The Las Vegas production of Jersey Boys is so engaging that even someone who has never cared to acquaint themselves with the music and story of The Four Seasons (like myself) cannot escape being sucked into this world.

Read the full review, here.

Number 4:

Compulsion at Berkeley Rep: This particular play will be in New York City (with the same cast) in the Spring and you won’t want to miss this heart-breaking play. The interweaving of puppets, matched with Mandy Patinkin’s intensity makes this play one of the best things I saw this year!

Berkeley Rep is known for producing first-rate theatre, but out of everything that I saw this year at Berkeley Rep, Compulsion was the best. It’s remarkable.

Read the full review, here.

Number 3:

Tie between American Idiot and Next to Normal on Broadway: The reasons behind the tie is that I have seen both of these productions before. I saw American Idiot four times at Berkeley Rep and Next to Normal four times on Broadway (all with Alice Ripley). This was the first time I saw American Idiot on Broadway and the first time I saw Next to Normal without Alice Ripley. Out of all of the new shows I saw on Broadway that weekend, these two shows still resonated with me the most.

I can’t get enough of either show. I rarely see a show multiple times, and both of these shows I have now seen five times. If you haven’t seen either, than I suggest running to theatre and grabbing tickets! I’ll be seeing both of these shows in the new year – American Idiot again on Broadway with Billie Jo Armstrong as St. Jimmy and Next to Normal on tour in San Francisco with Alice Ripley.

Read the full review of American Idiot, here.

Number 2:

Broadway Cast Poster Closing night of Finian’s Rainbow at St. James Theatre: On a whim, I saw the closing night of Finian’s Rainbow. It was one of the most emotional nights of theatre I have ever witnessed. Here’s an excerpt of the review:

Song after song, scene after scene, it just kept getting better and better. It ended with a beautiful rainbow as they sung, “How are Things in Glocca Morra?” The audience leapt to their feet, tears in their eyes and gave a rousing standing ovation unlike any standing ovation I’ve ever seen in theatre. What a special show, night and cast.

It’s truly a travesty that this show closed so early, but it’s a gift that will never be forgotten. The magic of the rainbow is far but over.

Read the full review of Finian’s Rainbow, here.

Number 1:

Whisper House at Old Globe Theatre (San Diego): This is a musical that has stayed with me all year. Time after time, I’m thinking about this show, listening to the music and recounting the experience to friends and family. “Duncan Sheik and Kyle Jarrow’s new musical, Whisper House, carefully crafts a new style of story-telling that is powerful, unique and riveting.” I love that Sheik and Jarrow upset the “standard musical comedy” with a different way to present a musical. It tells me that there is a future in this craft and that people are still willing to make huge strides in storytelling in musical theatre instead of adapting movies into musicals (over and over).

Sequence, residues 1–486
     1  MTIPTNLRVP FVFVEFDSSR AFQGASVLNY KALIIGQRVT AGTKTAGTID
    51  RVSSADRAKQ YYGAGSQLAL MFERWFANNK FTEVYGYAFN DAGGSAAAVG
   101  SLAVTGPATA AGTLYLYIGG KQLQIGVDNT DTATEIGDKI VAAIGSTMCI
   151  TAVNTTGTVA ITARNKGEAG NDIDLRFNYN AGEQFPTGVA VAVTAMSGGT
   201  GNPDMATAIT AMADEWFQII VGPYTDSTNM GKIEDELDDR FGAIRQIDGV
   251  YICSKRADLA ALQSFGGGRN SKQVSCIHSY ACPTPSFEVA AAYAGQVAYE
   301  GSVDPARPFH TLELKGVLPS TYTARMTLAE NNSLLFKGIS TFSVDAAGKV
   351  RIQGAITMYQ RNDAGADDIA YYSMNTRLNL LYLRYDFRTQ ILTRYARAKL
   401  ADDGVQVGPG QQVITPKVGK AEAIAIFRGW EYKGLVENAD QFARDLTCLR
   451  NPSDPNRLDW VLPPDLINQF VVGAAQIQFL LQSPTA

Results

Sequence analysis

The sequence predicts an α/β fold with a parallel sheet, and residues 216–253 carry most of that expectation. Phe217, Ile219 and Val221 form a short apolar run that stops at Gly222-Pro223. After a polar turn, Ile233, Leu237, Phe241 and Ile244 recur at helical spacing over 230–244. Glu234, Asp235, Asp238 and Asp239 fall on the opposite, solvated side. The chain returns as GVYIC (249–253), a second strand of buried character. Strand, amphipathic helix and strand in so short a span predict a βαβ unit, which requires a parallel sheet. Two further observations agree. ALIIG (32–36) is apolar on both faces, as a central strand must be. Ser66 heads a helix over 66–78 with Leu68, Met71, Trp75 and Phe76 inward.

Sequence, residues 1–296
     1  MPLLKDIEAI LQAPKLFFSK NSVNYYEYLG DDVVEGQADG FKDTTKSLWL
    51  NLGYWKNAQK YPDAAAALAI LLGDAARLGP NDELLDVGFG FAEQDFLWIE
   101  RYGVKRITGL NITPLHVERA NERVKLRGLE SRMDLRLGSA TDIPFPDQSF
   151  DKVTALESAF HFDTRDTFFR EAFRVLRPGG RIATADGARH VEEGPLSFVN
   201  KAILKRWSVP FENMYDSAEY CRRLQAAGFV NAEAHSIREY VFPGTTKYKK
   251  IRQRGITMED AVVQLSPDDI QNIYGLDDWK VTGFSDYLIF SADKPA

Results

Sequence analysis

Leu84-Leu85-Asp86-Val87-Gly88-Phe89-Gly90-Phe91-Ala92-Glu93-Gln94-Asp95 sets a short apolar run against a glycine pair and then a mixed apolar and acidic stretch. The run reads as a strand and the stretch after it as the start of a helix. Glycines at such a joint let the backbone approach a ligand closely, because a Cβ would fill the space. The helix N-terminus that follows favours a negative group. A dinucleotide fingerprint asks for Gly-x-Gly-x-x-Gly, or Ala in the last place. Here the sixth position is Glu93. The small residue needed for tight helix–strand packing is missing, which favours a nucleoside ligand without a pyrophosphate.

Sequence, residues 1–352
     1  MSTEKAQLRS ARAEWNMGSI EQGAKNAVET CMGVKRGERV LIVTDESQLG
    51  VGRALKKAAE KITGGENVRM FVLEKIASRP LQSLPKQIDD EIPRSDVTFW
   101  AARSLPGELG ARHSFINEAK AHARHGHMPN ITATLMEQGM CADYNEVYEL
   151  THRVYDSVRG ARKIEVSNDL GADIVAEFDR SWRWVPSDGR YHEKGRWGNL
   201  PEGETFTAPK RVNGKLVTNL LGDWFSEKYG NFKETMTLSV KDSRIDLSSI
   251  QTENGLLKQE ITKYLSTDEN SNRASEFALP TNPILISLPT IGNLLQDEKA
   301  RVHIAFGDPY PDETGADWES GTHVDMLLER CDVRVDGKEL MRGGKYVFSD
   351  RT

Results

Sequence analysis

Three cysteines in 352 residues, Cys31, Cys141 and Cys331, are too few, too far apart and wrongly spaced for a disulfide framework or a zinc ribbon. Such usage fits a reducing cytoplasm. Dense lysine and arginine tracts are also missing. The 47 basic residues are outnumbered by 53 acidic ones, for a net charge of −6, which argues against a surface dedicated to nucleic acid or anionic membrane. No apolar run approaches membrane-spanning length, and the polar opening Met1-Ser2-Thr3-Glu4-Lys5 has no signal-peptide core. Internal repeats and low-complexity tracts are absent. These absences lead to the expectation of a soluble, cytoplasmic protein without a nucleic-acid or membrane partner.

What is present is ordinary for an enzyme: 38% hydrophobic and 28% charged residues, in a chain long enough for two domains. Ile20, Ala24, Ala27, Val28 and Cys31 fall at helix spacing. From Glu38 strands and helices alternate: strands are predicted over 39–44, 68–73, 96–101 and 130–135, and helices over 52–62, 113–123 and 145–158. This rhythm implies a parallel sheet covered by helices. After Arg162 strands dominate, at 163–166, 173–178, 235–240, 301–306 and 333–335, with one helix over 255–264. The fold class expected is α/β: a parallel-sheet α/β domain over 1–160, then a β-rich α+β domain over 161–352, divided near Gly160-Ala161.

I absolutely loved Whisper House and I will go and see it anywhere in the country. I wouldn’t miss it for anything.

Read the full review of Whisper House, here.

HONORABLE MENTIONS:

 

 

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Listening to “WolfBoy” – London Cast EP

A dark and disturbing tale of two troubled teenage boys locked in an asylum for their own good. Bernie has attempted suicide; David may or may not have the powers of a wolf. For them the outside world is a frightening place of abuse and violence. Bernie’s brother Christian and Cherry the young nurse on the unit, also hide secrets that surface in the night, when the moon is full.

Wolfboy premiered at the Edinburgh International Fringe Festival in 2009. It just played at Trafalgar Studios 2 this past July in London.

Check out some great photos on Flickr.

Though, this EP isn’t the best recording quality, it definitely is interesting enough that I would be interested in hearing more about this particular musical in the future.

PARENTAL ADVISORY ON THE LYRICS

Buy the EP here.

Listen below:

“The Visit”

“One Wall Away From Your Dreams”

“Come Home”

 

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Duncan Sheik @ City Hall, Glasgow, Scotland, 06/21/10

I found out through Facebook that Duncan Sheik jumped on as an opener for Suzanne Vega and they were performing in Glasgow while we were in Scotland. So I booked my tickets and headed from Edinburgh to Glasgow on the train (which was super easy and relatively cheap for not planning ahead). We spent the day sight-seeing in Glasgow and then that evening we walked to the Merchant City area, had a great dinner and then we were off to see the show.